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Suppose I have a table containing job roles:

  "role" character varying(80) NOT NULL,

Suppose I further have a table, users, and each row (a specific user) can have an arbitrary number of job roles:

  username character varying(12) NOT NULL,
  roles character varying(80)[] NOT NULL,
  CONSTRAINT username PRIMARY KEY (username)

I should probably make sure that each member of users.roles[] exists in roles.role. It seems to me that what I want is a foreign key constraint on each member of users.roles[] such that if references roles.role.

This doesn't seem possible with postgres. Am I looking at this the wrong way? What is the suggested "right" way to handle this?

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I think the proper way of handling this is not using arrays for attributes. Since the relationship between users and roles seems to be "many-to-many", it is better implemented using a "link", or "junction" table on which you can define a proper RI constraint. – mustaccio Mar 4 '14 at 22:50

1 Answer 1

Support for array foreign keys was worked on with the goal of getting it into PostgreSQL 9.3, but it didn't make the cut for the release due to performance and reliability problems. It doesn't seem to be being worked on for 9.4.

At this time, you need to stick to the usual relational approach of using a "join table" to model an m:n relationship.

CREATE TABLE user_roles (
   username character varying(12) references users(username),
   "role" character varying(80) references roles("role"),
   PRIMARY KEY(username, "role")

I suggest using surrogate keys in this case, too, rather than storing the usernames/role names directly in the join table. The first time you want to rename a user or role you'll be happy you used surrogate keys. Just place a unique constraint on roles."role" and users.username.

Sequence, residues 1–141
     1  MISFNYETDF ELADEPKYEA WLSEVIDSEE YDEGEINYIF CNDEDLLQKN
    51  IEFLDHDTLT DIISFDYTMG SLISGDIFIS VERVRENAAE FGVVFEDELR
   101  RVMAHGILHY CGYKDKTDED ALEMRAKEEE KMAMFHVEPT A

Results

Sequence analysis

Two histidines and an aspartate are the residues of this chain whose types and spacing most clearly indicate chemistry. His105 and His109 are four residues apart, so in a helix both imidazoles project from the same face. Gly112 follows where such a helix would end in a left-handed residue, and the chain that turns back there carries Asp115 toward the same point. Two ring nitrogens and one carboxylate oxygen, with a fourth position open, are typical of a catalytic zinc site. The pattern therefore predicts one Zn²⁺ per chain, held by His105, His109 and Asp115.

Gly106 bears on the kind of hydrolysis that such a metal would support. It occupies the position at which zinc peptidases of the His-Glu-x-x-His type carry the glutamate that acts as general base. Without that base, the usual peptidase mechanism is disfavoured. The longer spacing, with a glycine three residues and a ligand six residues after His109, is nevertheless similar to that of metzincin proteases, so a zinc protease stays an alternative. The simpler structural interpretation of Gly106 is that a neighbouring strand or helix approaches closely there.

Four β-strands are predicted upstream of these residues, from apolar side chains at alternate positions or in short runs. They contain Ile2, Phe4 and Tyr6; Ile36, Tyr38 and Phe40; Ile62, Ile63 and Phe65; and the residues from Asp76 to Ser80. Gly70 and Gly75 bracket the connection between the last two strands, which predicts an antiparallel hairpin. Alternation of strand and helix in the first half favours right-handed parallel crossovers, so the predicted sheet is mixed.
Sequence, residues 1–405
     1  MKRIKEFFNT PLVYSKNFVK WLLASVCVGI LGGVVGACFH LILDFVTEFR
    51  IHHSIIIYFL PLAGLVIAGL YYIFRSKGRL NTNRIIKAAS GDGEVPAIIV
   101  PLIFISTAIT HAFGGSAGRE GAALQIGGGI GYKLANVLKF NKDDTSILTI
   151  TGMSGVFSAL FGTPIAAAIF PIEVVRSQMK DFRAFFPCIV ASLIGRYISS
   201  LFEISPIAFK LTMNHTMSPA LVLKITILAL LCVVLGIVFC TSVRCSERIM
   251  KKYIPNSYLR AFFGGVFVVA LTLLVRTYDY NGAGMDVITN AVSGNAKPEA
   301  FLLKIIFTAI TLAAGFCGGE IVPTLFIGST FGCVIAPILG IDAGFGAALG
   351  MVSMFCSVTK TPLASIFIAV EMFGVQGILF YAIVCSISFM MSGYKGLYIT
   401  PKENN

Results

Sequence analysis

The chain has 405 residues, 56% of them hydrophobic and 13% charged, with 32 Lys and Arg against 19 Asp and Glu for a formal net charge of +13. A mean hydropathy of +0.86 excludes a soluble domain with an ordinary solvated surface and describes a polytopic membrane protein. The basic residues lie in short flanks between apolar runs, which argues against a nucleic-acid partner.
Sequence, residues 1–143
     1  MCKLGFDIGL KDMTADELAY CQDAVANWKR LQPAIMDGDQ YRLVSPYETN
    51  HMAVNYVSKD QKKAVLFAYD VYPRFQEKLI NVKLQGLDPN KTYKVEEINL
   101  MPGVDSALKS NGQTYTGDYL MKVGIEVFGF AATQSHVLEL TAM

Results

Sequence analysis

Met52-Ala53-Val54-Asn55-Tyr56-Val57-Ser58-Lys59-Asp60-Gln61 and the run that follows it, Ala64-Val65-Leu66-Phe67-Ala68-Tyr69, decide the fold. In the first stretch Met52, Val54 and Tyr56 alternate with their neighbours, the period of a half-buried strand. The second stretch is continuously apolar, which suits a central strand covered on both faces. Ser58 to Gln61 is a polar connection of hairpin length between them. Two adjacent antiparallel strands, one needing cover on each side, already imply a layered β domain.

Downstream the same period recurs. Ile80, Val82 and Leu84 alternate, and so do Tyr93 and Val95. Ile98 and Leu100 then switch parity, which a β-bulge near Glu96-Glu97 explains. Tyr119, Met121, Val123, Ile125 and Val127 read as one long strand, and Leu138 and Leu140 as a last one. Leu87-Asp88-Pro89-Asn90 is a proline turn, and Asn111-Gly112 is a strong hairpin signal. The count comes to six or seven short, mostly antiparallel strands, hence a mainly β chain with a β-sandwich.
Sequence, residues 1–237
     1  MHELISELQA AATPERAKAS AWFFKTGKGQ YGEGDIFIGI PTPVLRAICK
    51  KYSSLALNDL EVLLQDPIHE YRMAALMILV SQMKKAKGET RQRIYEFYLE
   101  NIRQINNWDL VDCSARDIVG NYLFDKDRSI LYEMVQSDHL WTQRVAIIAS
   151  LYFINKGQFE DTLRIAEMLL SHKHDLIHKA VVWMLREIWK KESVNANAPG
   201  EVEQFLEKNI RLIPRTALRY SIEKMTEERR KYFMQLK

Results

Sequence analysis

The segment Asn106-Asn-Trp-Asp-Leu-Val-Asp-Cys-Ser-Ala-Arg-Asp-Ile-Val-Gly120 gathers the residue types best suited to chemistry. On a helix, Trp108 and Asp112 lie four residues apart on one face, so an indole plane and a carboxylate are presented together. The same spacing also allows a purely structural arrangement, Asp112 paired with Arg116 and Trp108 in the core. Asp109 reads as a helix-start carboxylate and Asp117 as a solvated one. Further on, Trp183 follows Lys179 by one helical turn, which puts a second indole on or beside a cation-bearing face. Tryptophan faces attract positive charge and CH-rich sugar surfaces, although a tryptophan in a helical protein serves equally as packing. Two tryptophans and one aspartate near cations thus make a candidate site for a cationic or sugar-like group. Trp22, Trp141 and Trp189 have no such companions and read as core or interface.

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The first time you want to rename a user or role you'll be happy you used surrogate keys. No, keep your username and role columns, and don't add meaningless columns. Just add ON UPDATE CASCADE. – Jesse Dhillon Oct 17 at 4:32
@JesseDhillon FK cascades get "interesting" in big DBs under load. I don't love surrogate keys but they do have their place. I also tend to bow to the growing number of tools that can't be bothered properly supporting anything else :( . What really annoys me is seeing a surrogate key on a n:m join table. Wtf? – Craig Ringer Oct 17 at 5:33
I would agree that frequently changing columns are poor choices for PKs, but on the whole I tend towards natural keys myself. Agreed, re tools enforcing arbitrary limitations, which is why I love SQLAlchemy. The book "SQL Antipatterns" is basically a documentation of Rails ActiveRecord design decisions. – Jesse Dhillon Oct 18 at 7:25
@JesseDhillon Yeah. ActiveRecord. It's so unfortunate that many people are learning ActiveRecord as the norm for "databases". Sigh. Not that Hibernate is much better. – Craig Ringer Oct 18 at 7:33

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